Wednesday, December 16, 2015

Justin Lin Talks Big Bad, Story and More for Star Trek Beyond

As part of the release of the trailer Star Trek Beyond director Justin Lin spoke with various entertainment sites about the movie. It is refreshing to read interviews from a director that is trying to avoid revealing to much but isn't wasting his time hiding secrets that are not relevant to the main story beats. The years of JJ Abrams saying a whole lot while actually saying nothing was practically a master's course on how to be a politician. As part of the interview he revealed who came up with the "Beyond" part (Simon Pegg), what character isn't returning (Carol Marcus), when the story takes place (2.5 years after Into Darkness), name of Idris Elba's big bad (Kraal), and certain extreme aspects from the last two years (like Super Blood) "exists" but doesn't have a part in the story. Below are the highlights but interesting in reading more from the interview with Lin check out Collider, Dark Horizons and TrekMovie.
Set 2.5 years after Into Darkness
"I wanted to hopefully create an opportunity or a situation where we really see how they react to things and to each other. Those are things that even in all the years of watching Trek we had hundreds of hours with the movies of stuff with engagement, but in this timeline I wanted to hopefully create something where we can be on the five-year mission, we can hopefully explore and push, and introduce new species, and put them in situations where hopefully it then mirrors back and reflects about the exploration of humanity."

Where title came from
"It came from my initial conversation with J.J. He kinda tracked me down and we’re talking and I didn’t know what to expect. I thought maybe he’s offering to go shoot a script that existed, and he said, “No, it’s yours. Go and be bold, and just take it. Be bold and make it what you think you would do to Star Trek,” and the more we talked about it the more we kept saying, “Well, let’s keep pushing, let’s keep pushing,” and that’s when Simon kinda said, “Well, it should be Star Trek Beyond,” and it was his idea and it kinda came from all our conversations and then we looked at each other and like, “Oh! That sounds like the title of this film.”"

On 3D
"In this case, I felt like, especially with space and the depth, I think you get a different experience going 3D, so it’s definitely been kind of designed into it, and I feel like in the nature in how some of these shots are constructed, I would want to see it in 3D, you know? But it will definitely be a bit of a different experience in watching this movie 2D. So that was definitely taken into account. I don’t think I would have agreed to 3D if it was just, again, to like milk people for more money. I just don’t think that’s right."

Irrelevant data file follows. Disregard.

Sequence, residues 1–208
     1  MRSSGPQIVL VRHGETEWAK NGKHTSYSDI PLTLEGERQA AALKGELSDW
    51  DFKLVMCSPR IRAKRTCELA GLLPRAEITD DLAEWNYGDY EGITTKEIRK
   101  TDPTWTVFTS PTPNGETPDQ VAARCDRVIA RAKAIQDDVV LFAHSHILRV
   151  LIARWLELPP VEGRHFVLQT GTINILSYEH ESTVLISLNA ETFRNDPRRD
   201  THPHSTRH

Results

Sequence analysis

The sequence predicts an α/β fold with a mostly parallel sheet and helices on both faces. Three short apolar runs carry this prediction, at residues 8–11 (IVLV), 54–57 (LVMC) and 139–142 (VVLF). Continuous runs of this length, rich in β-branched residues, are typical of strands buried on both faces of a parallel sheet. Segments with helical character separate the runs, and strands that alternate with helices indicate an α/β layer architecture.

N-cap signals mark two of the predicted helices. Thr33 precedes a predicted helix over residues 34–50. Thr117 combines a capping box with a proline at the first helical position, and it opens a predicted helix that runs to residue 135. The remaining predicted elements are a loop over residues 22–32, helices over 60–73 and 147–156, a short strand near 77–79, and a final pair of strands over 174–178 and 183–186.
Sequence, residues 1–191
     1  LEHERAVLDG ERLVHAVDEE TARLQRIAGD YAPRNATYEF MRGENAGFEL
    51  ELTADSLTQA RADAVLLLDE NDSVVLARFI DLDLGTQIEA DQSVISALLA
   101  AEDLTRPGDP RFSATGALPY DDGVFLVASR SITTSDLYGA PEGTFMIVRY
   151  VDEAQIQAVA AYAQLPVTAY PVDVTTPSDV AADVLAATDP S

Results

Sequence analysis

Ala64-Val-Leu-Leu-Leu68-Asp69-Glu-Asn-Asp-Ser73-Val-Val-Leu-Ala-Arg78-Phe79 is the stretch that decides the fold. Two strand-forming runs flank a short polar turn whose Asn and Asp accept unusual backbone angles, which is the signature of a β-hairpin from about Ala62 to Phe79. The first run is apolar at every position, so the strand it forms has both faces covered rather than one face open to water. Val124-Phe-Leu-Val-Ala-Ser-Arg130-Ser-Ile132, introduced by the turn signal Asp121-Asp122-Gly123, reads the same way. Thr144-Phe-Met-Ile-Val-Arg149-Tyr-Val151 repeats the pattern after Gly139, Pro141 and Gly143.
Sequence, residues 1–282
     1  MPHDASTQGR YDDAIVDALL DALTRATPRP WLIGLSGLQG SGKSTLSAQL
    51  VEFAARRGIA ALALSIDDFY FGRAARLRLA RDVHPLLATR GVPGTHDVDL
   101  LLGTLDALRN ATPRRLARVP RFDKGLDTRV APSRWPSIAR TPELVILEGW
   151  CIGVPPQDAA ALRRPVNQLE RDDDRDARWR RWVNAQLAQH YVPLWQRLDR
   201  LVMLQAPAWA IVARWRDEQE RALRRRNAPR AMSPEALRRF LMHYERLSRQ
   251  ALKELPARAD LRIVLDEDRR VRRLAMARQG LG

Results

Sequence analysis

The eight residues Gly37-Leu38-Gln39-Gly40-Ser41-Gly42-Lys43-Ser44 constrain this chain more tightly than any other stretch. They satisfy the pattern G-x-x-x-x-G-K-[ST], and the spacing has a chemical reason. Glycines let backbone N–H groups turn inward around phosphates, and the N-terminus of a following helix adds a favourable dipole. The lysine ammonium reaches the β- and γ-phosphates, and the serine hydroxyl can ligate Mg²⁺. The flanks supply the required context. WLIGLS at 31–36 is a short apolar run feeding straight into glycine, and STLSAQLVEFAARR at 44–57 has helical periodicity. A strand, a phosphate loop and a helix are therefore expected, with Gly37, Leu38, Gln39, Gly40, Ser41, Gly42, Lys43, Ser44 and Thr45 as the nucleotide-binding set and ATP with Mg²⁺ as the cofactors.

Kraal (or Krall)'s motivations
"When [Idris] came in, he had a lot of [prospective] projects and when I talked to him about this character, it wasn't about this or that it was about building or having a philosophy or point of view. And I like his character because his character is really challenging the way of the Federation's philosophy and there are a lot of things that when I was growing up I wanted to see. It was just really embracing the idea that the Federation, what would happen if you were going on a five-year journey and you're trying to also not only explore, but also maybe introduce other people to this way of thinking. What would that mean? What are the consequences to that? I mean, spreading a philosophy that you believe in that you think is great, are there gonna be any other points of views that's gonna counter you? And I think that those are the things that I thought of as a kid. And also then as an adult when I watch Star Trek. And I think we got to kind of explore that a little bit."

Do you see real world parallels in the themes you are exploring in Star Trek Beyond?
Lin: Star Trek has a very 1960s sensibility of who has the bigger ship usually wins, right? And if you look at it, the attack [on The Enterprise in the trailer], these ships are 40 feet long, but there’s like 4,000 of ‘em, and so I think even in the way they’re being encountered and how people are coming, you can’t help but…

Was it tempting as a Star Trek nerd to load in all the cameos that you could think of?
Lin: [Laughs]There are a lot of talks and a lot of — I got a lot of calls with offers of people wanting to come in… ... i appreciated it but it would’ve taken away from the film."

On Super Blood (that cures death), Intersteller Transportation (that kind of makes starships obsolete), and the Spock/Uhura relationship
[Co-writers] Simon [Pegg] and Doug [Jung] and I have spent some time on that. [laughs] Star Trek has been around for 50 years, and every filmmaker that comes on has a different point of view, and it’s a universe that can support many points of view and journeys and adventures. I embraced what JJ has brought - without him this whole group wouldn’t be together - so I’m definitely very appreciative of him. At the same time, do we address it? No, but we don’t discount it. We don’t sit there and say it doesn’t exist, it’s part of this universe now. ...So there’s definitely an acknowledgment and their relationship is consistent, I feel, to what was built before.

On script writing credit
"The WGA has to figure it out, because I don’t know who those writers are, I never met them. I came on, I had an idea and then Simon [Pegg] and Doug [Joug] came on. I had one conversation with Orci after I came on, and that was it. Nothing was refurbished [from the first script] because I don’t know what was done before I came on." (Bob Orci will get a producer credit only because contractual obligations demanded it but he is clearly persona non grata. Would love to hear the story on what happened to cause Paramount et al to do everything they could to remove Roberto Orci from the franchise.)

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